Belfast's Girls Names filled the void left by Crystal Stilts relative inactivity this year with their slightly spooky Cherry Red/Creation influenced sound. Good in its own right, mind you as it is on this list, but the resemblance is a bit uncanny. And they've got a single on Slumberland too! This was the better of the two EPs the band released this year, this one is sold out in physical form but can still be got digitally. The Captured Tracks EP is swell too.
9. Twin Sister – Color Your Life [Infinite Best] | BUY
A gorgeous, groovy mix of the Cocteau Twins and Sade, Brooklyn band Twin Sister were one of the breakout stars of 2010. And rightly so. You can still download the entirety of this wonderful EP for free from the band's website, but the vinyl is truly lovely.
10. Girls – Broken Dreams Club [True Panther] | BUY
While I wouldn't call Girls' 2009 debut low fi by any means, there is a clarity of sound on Broken Dreams Club that they haven't tried before, and it suits not only Christopher Owens' fragile voice but the ace performers they've become over the last two years. The songs were always there. As a "LETTER OF INTENT," we can only relisten to this till the next record.
MP3: Girls – Heartbreaker
11. James Blake – CMYK [R&S] | BUY
I don't listen to a ton of dubstep/grime or anything else like this but there is something to James Blake's music that sets it immediately apart and commands your attention. It's like listening to someone tune between radio stations and making it work as music on its own. Of the many records Blake released this year, CMYK was the most mesmerizing.
MP3: James Blake – CMYK
12. Alex Kemp – Rat D'Hotel – Pt. 1 – Rat Walks Into a Bar [Alex Kemp/TuneCore]
Former Small Factory/Godrays singer appears after a decade or so with two EPs of bright, shiny, danceable pop more akin to his old pals Papas Fritas. New direction, but same solid songwriting that made Small Factory's early singles so winning. So good to hear Kemp's charmingly craggy voice again. You can download this EP for free from Kemp's website (click on the brown paper bag).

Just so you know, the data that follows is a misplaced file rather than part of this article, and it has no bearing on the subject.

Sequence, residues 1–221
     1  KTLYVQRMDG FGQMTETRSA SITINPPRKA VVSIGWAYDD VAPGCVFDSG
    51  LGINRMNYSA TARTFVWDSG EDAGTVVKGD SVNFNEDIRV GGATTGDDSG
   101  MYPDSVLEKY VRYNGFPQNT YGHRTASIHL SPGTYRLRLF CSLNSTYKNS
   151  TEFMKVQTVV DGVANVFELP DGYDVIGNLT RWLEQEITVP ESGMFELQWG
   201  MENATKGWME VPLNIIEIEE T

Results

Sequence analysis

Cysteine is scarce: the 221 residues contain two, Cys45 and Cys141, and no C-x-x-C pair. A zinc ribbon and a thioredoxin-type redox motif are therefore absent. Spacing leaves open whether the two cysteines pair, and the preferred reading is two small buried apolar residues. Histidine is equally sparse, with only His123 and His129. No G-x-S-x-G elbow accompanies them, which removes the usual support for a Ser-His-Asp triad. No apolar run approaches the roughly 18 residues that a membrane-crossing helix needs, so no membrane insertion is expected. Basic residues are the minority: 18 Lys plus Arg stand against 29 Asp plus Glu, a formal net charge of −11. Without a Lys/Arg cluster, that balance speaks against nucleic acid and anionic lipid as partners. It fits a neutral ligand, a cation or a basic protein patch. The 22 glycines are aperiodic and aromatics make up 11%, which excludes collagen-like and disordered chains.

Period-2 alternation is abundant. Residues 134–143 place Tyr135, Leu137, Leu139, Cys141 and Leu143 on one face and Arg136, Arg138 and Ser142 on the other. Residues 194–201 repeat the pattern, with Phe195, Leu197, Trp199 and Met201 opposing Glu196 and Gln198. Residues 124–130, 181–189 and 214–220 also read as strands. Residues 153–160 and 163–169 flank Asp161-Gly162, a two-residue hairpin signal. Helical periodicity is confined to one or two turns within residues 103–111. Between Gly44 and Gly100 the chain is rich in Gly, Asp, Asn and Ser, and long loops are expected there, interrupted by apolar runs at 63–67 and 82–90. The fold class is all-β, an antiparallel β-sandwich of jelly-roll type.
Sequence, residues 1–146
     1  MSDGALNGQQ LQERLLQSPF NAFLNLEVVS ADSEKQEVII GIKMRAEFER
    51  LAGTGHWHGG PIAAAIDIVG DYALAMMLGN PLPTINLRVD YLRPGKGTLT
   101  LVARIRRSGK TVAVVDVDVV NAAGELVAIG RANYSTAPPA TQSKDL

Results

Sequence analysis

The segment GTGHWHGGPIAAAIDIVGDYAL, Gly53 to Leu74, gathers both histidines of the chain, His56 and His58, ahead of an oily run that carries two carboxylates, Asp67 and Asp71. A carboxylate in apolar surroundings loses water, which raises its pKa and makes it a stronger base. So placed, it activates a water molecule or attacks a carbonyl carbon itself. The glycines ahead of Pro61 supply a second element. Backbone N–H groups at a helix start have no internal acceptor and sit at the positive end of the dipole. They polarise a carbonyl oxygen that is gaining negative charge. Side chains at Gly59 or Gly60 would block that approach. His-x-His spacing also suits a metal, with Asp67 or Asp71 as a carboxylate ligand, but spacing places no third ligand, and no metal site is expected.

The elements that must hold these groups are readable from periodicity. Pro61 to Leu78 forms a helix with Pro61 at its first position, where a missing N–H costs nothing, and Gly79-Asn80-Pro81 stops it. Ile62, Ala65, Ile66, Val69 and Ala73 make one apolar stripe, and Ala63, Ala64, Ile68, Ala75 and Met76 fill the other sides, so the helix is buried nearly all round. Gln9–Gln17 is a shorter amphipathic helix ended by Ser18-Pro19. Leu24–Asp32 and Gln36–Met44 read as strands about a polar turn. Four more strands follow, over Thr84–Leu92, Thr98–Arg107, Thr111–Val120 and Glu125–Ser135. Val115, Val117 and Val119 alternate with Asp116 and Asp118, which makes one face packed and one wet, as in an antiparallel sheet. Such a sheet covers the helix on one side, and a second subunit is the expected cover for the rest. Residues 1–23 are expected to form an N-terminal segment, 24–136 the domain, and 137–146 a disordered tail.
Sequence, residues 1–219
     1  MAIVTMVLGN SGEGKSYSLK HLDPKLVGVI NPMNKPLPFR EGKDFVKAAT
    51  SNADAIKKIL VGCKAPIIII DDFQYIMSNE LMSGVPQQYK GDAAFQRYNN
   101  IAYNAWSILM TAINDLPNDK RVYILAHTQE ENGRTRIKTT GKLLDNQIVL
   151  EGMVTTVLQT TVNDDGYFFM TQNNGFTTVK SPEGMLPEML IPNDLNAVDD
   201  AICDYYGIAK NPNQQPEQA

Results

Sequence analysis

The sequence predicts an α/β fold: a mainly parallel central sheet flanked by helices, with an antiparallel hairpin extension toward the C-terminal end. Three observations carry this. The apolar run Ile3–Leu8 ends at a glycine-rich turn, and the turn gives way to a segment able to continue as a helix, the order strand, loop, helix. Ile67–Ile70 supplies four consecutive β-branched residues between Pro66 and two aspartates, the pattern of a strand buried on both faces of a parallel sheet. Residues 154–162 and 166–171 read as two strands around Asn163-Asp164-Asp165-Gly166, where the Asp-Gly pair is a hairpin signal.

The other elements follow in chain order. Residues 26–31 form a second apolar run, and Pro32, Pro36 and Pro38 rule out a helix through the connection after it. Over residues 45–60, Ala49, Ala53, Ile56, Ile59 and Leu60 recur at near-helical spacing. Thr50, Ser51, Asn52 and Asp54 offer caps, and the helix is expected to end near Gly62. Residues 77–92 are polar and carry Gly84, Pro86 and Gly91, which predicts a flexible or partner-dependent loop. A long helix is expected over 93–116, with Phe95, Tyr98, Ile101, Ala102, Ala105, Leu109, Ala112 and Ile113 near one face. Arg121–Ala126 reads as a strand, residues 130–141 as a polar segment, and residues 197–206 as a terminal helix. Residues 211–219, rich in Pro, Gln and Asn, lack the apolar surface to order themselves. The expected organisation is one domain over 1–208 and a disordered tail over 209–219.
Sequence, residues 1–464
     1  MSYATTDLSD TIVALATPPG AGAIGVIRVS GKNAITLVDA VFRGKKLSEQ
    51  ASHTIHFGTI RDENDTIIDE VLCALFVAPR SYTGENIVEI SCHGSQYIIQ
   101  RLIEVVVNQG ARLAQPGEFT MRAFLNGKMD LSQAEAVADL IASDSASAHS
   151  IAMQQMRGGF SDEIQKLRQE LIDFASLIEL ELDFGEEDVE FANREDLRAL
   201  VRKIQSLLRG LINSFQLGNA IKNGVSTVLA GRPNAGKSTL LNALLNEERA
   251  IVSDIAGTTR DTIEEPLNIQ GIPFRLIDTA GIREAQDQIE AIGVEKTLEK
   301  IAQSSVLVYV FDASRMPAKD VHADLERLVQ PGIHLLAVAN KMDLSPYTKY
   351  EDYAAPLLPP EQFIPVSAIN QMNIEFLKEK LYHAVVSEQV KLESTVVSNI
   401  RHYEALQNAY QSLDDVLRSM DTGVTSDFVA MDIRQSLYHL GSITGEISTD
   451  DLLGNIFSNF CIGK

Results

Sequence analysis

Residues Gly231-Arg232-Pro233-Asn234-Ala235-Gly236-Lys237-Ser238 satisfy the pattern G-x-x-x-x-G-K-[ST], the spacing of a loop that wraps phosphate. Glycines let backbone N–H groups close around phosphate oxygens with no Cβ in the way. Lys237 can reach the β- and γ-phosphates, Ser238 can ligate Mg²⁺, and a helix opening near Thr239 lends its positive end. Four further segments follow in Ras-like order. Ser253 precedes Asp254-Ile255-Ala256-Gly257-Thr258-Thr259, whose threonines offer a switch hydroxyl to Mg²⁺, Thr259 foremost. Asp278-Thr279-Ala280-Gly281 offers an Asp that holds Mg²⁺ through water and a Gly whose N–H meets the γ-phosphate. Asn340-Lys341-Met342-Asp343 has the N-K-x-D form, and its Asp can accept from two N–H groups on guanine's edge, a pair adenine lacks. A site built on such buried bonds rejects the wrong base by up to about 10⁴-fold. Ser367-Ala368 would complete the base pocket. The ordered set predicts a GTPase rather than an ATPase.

13. Suuns – Zeroes [Secretly Canadian] | BUY
Formerly known as Zeroes, Suuns (pronounced "Sooons") are one of Montreal's most interesting new bands, as can be heard on this EP. I have a feeling they know exactly what Mark E. Smith means by "repetition repetition repetition" given the solid Krautrock-y grooves. This EP has since been expanded to a full album, but I'm not sure it needed the extra tracks. A perfect blast.
MP3: Suuns – Arena
14. Cloud Nothings – Leave You Forever [True Panther] | BUY
Cleveland's Cloud Nothings are first and foremost hookmasters in the long powerpop tradition. Live they are crunchier, louder (a skinny beast of a drummer adds massive whallop) but on record they can come off more like that time where American "college rock" morphed into indie rock. The band put out a handful of records this year, this four-song 7" is maybe the best. Certainly the best cover art.
15. A Classic Education – Hey There Stranger [Lefse] | BUY
Can you embrace baroque, anthemic and reverby garage all at the same time? Yes, says A Classic Education who are from Bologna, Italy (via Canada). More reverb than garage, mind you, with a'60s cosmopolitan sweep as well. In a word, lovely.